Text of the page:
In the middle of the most chaotic, uncertain months of 2020, manufacturers discovered that the perfect antidote was to double down on quality and reliable delivery—turning to their enterprise resource planning (ERP) systems for the timely insights needed to navigate rapid changes in market demand and resources across their supply chains.
Before we can talk about reverse engineering as an application, it is important to understand how and why it has emerged as a critical metrology tool for manufacturers, and how it fits in the rapidly evolving digital workflow. Just a few years ago, the term ‘reverse engineering’ was associated more with industrial espionage, stealing designs, or product features from competitors. What has changed?
Medical devices can present unique challenges for manufacturers. Consequences for malfunctioning equipment can be dire. Because of this, medical device manufacturers must work hard to ensure that their products never fail.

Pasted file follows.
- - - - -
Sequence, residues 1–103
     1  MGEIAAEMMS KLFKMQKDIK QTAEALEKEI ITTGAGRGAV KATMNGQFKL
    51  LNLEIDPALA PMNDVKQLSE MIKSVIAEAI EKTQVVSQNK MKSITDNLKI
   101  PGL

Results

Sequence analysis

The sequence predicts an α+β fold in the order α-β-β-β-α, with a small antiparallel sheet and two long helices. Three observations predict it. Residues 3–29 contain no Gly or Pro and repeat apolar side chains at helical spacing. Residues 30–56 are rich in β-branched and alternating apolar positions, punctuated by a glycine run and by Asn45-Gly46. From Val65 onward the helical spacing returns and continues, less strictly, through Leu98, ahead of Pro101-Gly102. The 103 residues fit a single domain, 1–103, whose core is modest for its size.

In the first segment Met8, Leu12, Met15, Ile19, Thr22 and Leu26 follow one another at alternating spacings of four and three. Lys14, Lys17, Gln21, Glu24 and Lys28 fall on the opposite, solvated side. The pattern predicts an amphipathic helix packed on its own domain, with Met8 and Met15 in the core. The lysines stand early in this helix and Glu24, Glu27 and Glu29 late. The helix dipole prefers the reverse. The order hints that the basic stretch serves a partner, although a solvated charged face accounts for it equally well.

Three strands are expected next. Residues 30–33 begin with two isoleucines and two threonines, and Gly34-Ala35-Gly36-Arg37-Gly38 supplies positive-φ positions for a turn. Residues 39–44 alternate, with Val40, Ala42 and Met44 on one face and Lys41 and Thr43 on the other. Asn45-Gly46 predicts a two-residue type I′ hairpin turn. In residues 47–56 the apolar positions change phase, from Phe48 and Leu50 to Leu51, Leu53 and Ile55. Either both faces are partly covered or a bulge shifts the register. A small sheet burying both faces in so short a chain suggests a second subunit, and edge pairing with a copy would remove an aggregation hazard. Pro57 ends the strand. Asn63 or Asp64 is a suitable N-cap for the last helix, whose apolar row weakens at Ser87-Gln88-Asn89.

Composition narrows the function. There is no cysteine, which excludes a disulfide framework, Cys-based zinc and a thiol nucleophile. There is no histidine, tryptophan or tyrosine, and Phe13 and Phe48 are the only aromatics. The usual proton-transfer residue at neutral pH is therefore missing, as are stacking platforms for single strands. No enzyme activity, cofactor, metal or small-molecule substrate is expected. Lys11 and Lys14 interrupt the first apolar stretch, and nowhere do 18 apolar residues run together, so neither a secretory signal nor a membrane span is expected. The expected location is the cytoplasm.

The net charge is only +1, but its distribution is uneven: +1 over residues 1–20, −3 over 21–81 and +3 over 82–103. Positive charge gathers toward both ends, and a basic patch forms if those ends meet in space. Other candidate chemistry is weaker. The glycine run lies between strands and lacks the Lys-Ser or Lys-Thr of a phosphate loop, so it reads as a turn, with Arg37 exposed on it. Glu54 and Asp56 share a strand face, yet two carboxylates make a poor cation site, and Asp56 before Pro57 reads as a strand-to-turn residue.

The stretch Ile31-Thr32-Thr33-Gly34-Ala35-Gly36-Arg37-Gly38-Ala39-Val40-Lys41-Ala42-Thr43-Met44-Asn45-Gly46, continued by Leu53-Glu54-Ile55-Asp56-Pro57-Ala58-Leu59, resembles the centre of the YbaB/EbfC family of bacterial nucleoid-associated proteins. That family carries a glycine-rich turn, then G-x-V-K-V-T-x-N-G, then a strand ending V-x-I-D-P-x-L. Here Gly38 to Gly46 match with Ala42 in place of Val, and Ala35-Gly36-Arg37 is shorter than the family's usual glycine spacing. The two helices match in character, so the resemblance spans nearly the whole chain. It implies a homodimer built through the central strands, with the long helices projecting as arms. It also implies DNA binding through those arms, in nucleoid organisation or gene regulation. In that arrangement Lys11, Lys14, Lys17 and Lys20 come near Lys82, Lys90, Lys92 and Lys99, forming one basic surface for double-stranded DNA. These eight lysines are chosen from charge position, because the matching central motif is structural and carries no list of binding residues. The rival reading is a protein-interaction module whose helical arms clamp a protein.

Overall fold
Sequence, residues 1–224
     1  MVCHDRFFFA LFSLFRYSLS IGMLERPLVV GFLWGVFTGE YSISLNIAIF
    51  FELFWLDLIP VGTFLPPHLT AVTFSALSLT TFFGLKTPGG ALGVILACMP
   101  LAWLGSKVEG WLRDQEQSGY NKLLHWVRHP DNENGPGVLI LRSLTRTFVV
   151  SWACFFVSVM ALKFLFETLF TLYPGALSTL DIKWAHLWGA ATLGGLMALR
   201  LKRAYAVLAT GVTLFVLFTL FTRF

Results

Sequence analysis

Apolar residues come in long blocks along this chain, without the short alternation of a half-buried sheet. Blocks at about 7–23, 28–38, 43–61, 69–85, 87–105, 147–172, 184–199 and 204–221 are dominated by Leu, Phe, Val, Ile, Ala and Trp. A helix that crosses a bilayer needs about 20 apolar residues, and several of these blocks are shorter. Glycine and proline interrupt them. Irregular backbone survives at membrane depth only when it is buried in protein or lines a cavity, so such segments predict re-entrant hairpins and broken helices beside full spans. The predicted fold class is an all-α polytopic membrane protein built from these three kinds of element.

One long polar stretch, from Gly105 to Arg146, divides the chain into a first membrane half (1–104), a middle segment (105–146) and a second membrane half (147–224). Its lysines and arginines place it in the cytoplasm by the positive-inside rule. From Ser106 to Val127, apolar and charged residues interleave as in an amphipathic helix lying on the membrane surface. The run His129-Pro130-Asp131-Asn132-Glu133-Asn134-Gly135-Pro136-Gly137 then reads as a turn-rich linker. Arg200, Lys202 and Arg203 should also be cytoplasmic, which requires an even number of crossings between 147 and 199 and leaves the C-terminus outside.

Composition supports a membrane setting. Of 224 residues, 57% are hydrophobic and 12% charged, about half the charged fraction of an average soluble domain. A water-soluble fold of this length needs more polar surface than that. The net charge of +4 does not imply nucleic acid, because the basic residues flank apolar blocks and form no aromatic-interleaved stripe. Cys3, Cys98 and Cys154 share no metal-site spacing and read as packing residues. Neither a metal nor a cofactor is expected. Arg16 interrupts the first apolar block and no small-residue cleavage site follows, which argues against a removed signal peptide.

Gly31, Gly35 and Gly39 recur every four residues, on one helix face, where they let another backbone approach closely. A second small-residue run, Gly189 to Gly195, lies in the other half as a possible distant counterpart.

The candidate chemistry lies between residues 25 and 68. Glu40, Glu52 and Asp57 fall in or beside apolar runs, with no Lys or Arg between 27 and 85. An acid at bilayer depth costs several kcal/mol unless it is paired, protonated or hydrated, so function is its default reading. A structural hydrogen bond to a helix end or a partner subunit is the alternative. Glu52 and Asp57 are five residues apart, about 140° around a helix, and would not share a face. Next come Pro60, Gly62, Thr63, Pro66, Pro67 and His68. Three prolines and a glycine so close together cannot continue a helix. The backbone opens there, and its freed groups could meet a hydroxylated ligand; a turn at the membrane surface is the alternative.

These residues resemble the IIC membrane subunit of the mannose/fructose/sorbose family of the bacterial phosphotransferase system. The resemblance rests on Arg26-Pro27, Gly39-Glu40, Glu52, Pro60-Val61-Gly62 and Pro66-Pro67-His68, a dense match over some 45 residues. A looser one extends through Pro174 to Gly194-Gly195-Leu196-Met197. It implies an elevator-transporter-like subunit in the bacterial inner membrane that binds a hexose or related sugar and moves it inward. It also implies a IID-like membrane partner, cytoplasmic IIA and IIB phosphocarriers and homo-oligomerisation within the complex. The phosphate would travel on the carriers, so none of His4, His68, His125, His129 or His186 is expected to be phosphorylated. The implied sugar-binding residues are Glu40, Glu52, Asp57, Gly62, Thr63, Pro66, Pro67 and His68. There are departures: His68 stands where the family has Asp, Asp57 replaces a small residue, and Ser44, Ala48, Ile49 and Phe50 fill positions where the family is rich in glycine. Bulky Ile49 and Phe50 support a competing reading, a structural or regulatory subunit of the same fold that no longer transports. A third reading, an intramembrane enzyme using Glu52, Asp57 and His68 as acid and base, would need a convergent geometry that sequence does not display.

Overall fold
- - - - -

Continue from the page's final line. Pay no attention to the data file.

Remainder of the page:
It all started with the wheel. Moving things, and ourselves, across distances became easier and more efficient with the wheel. Over the centuries, we progressed from carts we pushed ourselves to wagons pulled by animals we domesticated and trained.
Although automotive parts suppliers use a variety of testing equipment to conduct a wide range of tests and inspections—and within specific tolerances, which warrant highly precise tools and processes—original equipment manufacturers have refined these inspection practices over the course of decades.
For medical parts manufacturers, quality inspection is critical. Liability for defects, inconsistent quality, fluctuating supplier costs, increased globalization and device regulations all pose challenges for the industry.